MTV reintroduced its college-targeted network Thursday with a new name: mtvU.
“We basically have to put college students’ lives front and center, and speak in their language,” said Van Toffler, president of mtvU as well as MTV and MTV2.
Previously known as CTN: College Television Network, the outlet, acquired by MTV in October 2000, pipes student-oriented programming and ads into more than 700 U.S. college campuses.
Airing around the clock, it’s seen on specially installed televisions in dining rooms, student lounges and other public areas, and through certain cable systems also is available in dorm rooms.
Among the new initiatives for mtvU: a special selection of new artists whose videos will be featured on the TV channel, accompanied by free music downloads on the mtvU Web site and live performances at campuses on mtvU-arranged tours.
Other campus outreach efforts will include bringing notable figures to college classrooms as “fill-in teachers” — including Pulitzer Prize-winning author Frank McCourt, civil rights leader Jesse Jackson and rocker Marilyn Manson, who will teach a session on music and marketing.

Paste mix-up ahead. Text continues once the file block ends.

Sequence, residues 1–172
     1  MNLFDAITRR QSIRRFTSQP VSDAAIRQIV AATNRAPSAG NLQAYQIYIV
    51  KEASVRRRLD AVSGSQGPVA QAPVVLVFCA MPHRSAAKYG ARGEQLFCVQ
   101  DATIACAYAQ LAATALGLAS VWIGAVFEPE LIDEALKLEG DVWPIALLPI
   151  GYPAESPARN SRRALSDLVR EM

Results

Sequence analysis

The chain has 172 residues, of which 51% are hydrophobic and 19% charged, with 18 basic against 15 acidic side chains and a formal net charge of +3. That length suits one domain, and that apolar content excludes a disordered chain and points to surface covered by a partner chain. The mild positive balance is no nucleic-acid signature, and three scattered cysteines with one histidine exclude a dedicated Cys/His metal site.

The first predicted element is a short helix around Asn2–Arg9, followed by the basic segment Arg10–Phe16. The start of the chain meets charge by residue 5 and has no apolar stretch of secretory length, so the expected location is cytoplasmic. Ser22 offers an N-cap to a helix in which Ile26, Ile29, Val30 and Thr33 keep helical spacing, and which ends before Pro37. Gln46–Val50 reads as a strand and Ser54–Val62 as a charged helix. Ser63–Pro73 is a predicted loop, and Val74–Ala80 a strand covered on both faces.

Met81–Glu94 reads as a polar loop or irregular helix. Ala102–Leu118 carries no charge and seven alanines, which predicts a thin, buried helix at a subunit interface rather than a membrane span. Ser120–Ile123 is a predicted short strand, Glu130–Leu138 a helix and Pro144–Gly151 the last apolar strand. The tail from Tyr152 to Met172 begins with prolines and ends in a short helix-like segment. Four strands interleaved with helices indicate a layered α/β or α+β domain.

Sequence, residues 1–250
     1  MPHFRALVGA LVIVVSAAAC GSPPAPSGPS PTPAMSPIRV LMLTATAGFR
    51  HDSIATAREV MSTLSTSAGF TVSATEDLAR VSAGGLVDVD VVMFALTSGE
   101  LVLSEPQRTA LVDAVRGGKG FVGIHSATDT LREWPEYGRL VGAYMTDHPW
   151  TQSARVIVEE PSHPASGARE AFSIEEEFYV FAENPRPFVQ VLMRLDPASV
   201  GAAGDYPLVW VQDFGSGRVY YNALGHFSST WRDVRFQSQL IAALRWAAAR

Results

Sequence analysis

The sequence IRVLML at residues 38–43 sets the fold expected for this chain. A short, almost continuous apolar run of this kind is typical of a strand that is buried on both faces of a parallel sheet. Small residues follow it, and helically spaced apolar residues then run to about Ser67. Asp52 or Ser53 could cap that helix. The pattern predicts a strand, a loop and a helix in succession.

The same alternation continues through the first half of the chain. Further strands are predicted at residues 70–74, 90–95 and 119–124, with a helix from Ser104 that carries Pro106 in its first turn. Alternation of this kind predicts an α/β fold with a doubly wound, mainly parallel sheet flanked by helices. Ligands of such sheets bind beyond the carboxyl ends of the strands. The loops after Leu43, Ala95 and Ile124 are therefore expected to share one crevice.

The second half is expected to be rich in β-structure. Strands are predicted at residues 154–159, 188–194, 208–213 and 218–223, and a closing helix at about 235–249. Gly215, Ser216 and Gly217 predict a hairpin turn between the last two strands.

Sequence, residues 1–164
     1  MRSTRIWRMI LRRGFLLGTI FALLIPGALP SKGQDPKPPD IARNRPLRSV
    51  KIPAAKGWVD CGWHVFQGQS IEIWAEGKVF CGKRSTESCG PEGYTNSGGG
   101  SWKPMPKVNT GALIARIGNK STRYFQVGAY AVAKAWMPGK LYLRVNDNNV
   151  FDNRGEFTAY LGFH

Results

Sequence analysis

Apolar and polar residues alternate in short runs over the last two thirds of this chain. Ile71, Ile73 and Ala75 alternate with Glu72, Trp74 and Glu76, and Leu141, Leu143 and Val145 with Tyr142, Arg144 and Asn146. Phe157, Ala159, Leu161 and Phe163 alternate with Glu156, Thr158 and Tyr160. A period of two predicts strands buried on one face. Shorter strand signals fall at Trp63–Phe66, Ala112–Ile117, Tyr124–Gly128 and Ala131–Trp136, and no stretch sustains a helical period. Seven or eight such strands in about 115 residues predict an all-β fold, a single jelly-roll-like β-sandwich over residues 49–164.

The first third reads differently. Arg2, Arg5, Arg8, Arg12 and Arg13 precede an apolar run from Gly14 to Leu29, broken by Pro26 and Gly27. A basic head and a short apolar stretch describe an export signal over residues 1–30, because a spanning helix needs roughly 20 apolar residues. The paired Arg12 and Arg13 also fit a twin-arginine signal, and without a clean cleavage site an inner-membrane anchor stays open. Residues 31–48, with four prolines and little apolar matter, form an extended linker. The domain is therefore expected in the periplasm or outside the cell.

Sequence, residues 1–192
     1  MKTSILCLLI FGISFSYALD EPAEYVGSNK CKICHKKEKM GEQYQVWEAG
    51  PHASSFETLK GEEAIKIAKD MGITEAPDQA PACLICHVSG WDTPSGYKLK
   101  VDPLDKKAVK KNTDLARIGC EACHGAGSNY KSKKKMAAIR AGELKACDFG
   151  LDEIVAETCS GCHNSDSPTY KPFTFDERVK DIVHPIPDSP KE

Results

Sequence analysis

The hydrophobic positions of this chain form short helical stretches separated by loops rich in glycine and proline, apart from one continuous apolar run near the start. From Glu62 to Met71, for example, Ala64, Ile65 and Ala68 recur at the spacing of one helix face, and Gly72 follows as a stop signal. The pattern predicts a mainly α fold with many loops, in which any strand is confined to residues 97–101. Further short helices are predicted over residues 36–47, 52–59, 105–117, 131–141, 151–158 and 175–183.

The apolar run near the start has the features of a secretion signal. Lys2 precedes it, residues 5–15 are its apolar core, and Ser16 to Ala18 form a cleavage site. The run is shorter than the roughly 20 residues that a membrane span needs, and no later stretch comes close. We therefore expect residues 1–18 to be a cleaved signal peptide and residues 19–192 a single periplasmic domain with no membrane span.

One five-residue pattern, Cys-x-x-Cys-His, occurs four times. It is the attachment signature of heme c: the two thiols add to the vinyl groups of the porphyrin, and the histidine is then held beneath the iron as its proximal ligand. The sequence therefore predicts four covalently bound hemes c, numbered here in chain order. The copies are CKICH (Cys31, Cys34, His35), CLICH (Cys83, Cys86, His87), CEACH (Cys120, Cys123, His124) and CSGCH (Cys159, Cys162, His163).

A team of roving “VJs” broadcast on location from campuses, as well as from the mtvU’s New York headquarters, and the network will continue to offer news and information in partnership with CBS News. (CBS, like MTV, is owned by Viacom.)
“We have to reach (students) everywhere they hang out: on air, online and on campus,” said Stephen Friedman, mtvU general manager, who called the revamped network “a laboratory and an incubator” in catering to its special audience.
The network reaches a potential student audience of 5.5 million. Participating universities get televisions tuned exclusively to mtvU, and they receive airtime each quarter-hour for their own announcements to students, but receive no monetary compensation, he said.